What You Need to Know About the Coup in Burkina Faso

Less than a year since Blaise Compaoré was ousted from power in Burkina Faso, presidential guard forces just took over the reins of power in Burkina Faso. Members of the Presidential Security Regiment (RSP) interrupted a cabinet meeting of the transitional government yesterday, and took the interim president Michel Kafondo, and the interim prime minister, Isaac Zida, hostage. With national elections less than a month away, this coup is a blow to the – so far – effective transition, and dangerously undermines the success story that was supposed to be Burkina Fasos’s triumphant democratic transition.

The coup is led by General Gilbert Diendéré, the leader of the presidential guard forces, which happens to not only be the same force that supported Compaoré for many years during his rule, but also where the current interim prime minister, Lt-Col. Zida, hails from. The 1,200-men strong force is not only fully enmeshed in Burkinabe power politics, but it is also a powerful, well-trained group of elite officers. Tensions between the RSP and the interim government have been roiling the transition process, but the conflict took another turn when a report was issued by the government on Monday this week recommending that the RSP be disbanded. Clearly, not a proposition that sat well with General Diendéré.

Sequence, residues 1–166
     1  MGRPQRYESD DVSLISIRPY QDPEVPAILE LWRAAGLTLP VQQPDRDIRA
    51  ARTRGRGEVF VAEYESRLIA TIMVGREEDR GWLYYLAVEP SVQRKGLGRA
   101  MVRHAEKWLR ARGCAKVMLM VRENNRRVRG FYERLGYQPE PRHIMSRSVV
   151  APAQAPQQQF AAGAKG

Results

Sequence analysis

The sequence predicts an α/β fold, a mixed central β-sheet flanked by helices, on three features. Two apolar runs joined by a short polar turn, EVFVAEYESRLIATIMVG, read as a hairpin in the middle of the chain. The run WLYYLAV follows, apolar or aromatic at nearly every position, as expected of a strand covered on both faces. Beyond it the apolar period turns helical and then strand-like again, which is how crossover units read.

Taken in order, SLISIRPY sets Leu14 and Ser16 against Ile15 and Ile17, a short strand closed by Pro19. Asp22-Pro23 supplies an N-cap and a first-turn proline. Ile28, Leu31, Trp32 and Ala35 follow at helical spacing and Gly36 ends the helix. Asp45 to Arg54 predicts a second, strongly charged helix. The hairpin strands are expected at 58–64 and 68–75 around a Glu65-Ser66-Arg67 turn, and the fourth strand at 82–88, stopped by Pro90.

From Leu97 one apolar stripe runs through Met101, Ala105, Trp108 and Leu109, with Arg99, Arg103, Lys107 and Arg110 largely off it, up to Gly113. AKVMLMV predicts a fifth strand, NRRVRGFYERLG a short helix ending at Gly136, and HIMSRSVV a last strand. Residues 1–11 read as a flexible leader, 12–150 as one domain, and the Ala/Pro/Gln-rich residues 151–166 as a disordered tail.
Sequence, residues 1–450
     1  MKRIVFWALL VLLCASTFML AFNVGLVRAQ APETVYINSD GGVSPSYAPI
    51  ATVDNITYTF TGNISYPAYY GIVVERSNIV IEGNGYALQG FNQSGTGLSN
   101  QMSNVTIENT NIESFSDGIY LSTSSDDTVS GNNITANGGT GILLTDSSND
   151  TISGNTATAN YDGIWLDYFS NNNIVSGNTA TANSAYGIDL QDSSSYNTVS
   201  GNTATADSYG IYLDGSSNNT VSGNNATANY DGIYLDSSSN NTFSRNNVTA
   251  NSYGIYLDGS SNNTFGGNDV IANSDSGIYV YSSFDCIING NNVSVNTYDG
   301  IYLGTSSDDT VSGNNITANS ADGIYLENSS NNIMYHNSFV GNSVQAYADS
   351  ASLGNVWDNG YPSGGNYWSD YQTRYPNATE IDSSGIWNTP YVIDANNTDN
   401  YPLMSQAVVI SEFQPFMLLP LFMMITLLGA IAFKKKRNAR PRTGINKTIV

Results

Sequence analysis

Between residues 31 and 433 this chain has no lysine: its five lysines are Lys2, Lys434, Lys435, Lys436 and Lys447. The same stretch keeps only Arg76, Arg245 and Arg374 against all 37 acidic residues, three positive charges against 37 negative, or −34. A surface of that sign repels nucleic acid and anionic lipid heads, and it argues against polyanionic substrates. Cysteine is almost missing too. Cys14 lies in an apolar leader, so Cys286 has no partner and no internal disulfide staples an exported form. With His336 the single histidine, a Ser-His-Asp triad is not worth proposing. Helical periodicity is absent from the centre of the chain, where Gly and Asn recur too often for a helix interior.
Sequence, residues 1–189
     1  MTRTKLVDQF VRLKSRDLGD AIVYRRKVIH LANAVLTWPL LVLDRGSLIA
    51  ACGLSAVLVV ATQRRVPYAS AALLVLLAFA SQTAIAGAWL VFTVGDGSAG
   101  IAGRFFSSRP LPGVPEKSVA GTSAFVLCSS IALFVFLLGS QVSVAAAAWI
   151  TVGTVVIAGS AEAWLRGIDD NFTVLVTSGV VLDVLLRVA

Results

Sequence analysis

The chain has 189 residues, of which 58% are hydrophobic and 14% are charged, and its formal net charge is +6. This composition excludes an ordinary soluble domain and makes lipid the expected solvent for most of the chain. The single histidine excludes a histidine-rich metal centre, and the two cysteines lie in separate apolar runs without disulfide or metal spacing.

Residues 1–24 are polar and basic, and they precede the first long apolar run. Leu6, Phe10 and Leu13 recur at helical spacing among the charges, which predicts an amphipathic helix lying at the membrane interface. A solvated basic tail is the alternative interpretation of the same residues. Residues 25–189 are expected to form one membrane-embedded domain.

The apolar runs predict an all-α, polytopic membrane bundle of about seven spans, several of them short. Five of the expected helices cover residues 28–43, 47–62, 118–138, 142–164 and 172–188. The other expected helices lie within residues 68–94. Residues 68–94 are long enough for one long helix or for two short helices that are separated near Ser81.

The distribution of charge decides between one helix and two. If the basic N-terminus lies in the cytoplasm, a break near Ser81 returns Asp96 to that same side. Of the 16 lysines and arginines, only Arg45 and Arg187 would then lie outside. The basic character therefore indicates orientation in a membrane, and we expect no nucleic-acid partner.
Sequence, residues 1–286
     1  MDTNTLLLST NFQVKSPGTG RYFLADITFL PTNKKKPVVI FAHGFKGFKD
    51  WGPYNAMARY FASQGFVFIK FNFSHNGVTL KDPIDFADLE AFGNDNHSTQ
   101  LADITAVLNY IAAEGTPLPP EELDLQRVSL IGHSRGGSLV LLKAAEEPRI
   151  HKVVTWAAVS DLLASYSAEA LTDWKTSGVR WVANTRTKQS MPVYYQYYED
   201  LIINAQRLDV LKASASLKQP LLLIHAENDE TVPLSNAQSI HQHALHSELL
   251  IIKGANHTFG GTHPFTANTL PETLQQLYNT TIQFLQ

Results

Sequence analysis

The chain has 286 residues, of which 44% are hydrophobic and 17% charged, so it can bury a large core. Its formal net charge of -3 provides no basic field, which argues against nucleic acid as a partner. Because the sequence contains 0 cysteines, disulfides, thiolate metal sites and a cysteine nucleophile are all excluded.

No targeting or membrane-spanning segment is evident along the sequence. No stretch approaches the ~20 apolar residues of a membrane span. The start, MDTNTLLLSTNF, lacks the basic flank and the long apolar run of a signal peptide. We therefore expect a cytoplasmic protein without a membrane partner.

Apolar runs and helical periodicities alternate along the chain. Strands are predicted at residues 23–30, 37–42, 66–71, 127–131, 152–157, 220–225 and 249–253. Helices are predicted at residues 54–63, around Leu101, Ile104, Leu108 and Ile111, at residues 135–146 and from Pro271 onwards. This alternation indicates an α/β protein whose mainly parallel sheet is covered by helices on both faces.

A representative from the RSP explained in a televised address that a new “national democratic council” had taken control to end the “deviant regime.” Given the hostage situation,  interim parliament speaker Cherif Sy is now the most senior acting official in Burkina. Since the coup, he has been exhorting the public to take to the streets to defend their country. Meanwhile, protesters have taken to the streets in the capital, Ouagadougou, but also in other cities and towns across the country. In the capital, RSP forces have major roads on lock-down, and organizers – such as the popular Balai Citoyen group – are claiming that they are being shot at by the RSP when groups gather on the streets in protest. Media reports that while no official curfew has been instated, the streets of the capital were very quiet – save for some intense exchanges of gun fire – last night.

The situation is still evolving in Burkina Faso. At this early stage, even the next few days are uncertain. If General Diendere manages to continue to hold control of the presidential palace, and the capital, it is unknown what his political intentions or aspirations are. Surely, though, if the coup is not stifled very, very soon, it endangers the upcoming elections, and likely makes them near impossible. As of now, the rest of Burkina Faso’s armed forces – outside the RSP – have not made attempts (at least not overtly) to challenge the coup. While the international community – including the United States and France, as well as the United Nations, the African Union and ECOWAS – have all issued strong condemnations of the coup, it’s not immediately apparent if and how these actors can do more to help ensure that Burkina Faso can rectify the course as soon as possible.